Yale grad student discusses changing definition of software

Julianne Hodges

The controversial dispute between Apple and the FBI has been in the news a lot lately. However, technology and the law usually co-develop peacefully.

Technology historian Gerardo Con Diaz spoke about the development of software copyright law last Thursday morning at the UT School of Information.

Con Diaz is a Yale University graduate student who is writing a dissertation that focuses on the history of software patenting. In the discussion at UT, Con Diaz presented themes from his dissertation, called “Intangible Inventions.” One of these themes was the coevolution of legislature and technology.

For example, Con Diaz talked about how the history of software in the ’70s influenced laws for years to come. When programmers first started registering their software, lawmakers were unsure of how to classify it. The National Commission on New Technological Uses, or CONTU, was a 1974 advisory commission tasked with determining how copyright should protect software.

CONTU had to choose between three different ways of thinking about software: as lines of code, as a machine or as a completely new type of intellectual property that combined the properties of a text and a machine, according to Con Diaz.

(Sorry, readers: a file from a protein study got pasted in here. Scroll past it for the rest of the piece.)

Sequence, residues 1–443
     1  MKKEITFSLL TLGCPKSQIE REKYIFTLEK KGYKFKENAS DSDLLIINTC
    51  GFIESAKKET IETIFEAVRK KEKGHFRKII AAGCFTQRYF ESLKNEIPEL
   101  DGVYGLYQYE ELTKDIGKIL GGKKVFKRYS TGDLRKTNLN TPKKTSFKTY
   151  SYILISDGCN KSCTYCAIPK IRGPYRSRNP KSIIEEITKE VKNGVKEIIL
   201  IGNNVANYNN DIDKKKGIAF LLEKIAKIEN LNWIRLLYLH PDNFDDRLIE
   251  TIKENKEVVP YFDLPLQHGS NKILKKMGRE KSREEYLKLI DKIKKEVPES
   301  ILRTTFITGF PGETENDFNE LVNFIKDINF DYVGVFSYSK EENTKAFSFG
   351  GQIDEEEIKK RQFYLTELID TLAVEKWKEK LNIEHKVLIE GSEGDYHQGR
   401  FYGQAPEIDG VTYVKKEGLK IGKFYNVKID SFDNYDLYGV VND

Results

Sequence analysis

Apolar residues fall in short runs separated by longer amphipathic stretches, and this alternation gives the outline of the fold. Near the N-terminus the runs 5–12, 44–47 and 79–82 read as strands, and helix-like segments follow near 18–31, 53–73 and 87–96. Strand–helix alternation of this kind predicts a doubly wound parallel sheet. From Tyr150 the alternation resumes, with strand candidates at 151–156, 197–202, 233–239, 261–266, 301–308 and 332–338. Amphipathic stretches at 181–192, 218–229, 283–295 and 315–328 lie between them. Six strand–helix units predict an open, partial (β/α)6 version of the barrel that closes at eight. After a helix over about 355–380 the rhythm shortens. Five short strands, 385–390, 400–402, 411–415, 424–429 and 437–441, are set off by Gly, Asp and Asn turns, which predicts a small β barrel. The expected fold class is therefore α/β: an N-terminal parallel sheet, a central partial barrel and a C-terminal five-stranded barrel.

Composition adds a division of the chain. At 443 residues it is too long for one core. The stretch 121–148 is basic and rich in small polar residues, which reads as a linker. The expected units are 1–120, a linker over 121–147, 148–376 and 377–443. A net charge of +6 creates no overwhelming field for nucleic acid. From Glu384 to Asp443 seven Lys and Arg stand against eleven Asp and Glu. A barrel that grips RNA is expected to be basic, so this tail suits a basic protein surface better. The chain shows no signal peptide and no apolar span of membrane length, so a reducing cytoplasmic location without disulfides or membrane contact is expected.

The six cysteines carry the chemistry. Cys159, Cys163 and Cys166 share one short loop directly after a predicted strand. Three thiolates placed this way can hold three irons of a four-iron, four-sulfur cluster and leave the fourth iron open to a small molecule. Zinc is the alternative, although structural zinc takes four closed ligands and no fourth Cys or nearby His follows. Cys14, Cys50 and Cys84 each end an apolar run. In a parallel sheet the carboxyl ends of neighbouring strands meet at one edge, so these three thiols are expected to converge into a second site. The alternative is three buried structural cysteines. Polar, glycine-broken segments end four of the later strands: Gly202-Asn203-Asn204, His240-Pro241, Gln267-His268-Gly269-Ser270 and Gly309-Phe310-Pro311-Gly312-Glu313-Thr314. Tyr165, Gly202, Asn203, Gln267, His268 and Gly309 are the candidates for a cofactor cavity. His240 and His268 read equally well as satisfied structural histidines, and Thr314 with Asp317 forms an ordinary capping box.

“CONTU’s mandate to choose one of them entangled firms, judges, lawyers, programmers and trade associations,” he said. “In the process, the commissioners laid the foundations for the copyright regime that governs software copyright today.”

The commission eventually decided that copyright laws should protect the lines of code that compose software, not necessarily the software’s output. 

Recently, copyright law has resurfaced in a lawsuit between Google and Oracle, the owner of Java. Google’s use of Java on Android phones brought up the issue of fair use, according to Con Diaz. 

He said the history of CONTU can guide current scientists and lawyers on how law and technology influence each other.

“This is actually a story about technology and society,” Con Diaz said. “It’s a story about how, actually, technology and the law are not separate entities that come and clash together every now and then. It’s a story about how technology and the law actually developed together.”